After dabbling in developing a multitude of game mechanics, I would assert that designing a good puzzle is one of the most challenging. Don’t get me wrong, all mechanics present their challenges in design and balance, but puzzles are a unique blend of difficulty and rule communication that’s tough to get right.
- In the Scout Act 2 we introduce our sliding box puzzle on a clear stretch where a player gets to the solution in a single click. Teaching 1) crates on ice travel in a straight line until they hit an obstacle and 2) a crate can be used as a leg up
- In our example, our second sliding box puzzle is the same, except the ledge you want to grab is an overhang and not a flat wall, reinforcing the importance of placement on the crates. If the crate is flush against the wall, the overhang blocks your boost, but if it is aligned with the ledge, you may proceed.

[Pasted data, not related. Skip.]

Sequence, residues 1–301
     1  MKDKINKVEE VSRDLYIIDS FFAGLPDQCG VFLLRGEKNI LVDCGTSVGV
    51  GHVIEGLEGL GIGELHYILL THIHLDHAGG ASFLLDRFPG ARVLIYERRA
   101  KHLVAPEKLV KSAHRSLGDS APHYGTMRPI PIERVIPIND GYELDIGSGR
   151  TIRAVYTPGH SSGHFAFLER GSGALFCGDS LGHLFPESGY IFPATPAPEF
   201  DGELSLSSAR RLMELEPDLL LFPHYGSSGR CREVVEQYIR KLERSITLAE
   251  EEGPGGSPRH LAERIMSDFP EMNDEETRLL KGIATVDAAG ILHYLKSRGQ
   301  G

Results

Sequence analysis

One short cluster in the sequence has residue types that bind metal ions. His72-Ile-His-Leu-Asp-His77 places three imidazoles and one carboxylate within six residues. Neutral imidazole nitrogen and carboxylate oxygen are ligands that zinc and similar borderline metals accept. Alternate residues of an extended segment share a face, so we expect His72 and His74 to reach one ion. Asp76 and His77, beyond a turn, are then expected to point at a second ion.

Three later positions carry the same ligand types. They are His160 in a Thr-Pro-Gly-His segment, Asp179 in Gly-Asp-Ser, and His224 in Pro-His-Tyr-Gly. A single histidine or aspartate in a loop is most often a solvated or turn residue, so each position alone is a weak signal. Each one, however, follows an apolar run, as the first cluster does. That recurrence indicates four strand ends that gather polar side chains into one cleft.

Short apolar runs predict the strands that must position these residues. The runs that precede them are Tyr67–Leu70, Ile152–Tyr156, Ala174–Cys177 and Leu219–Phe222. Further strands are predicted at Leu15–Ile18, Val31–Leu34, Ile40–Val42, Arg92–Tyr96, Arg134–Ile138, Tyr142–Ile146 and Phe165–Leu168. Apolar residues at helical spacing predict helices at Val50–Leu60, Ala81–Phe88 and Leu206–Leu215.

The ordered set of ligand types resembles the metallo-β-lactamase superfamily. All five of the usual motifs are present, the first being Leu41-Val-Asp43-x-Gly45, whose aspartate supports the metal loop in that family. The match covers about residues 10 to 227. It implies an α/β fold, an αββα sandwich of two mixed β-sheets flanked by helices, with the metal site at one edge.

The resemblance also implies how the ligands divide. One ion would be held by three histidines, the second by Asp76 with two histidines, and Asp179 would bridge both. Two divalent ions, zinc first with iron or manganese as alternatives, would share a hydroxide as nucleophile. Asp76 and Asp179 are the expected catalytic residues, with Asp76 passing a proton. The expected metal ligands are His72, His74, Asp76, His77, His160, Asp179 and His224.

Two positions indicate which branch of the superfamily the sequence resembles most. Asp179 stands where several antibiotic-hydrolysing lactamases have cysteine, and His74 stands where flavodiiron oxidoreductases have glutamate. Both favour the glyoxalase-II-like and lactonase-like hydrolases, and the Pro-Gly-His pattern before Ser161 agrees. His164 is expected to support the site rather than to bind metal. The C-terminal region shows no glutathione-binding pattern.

- Our third and fourth crate puzzles introduce short scented crates. Showing that the scents can be used as lures but aren’t always tall enough to help reach a ledge. We also introduce the interaction of multiple boxes, and how they can become an obstacle to help with getting boxes where you want/need them.
- The level in Act 2 caps this by requiring a short scented crate be used as a lure. There are larger crates that you need to use for positioning, and the twist in thinking is not to use the box as a leg up, but to use its small size to pass through a gap.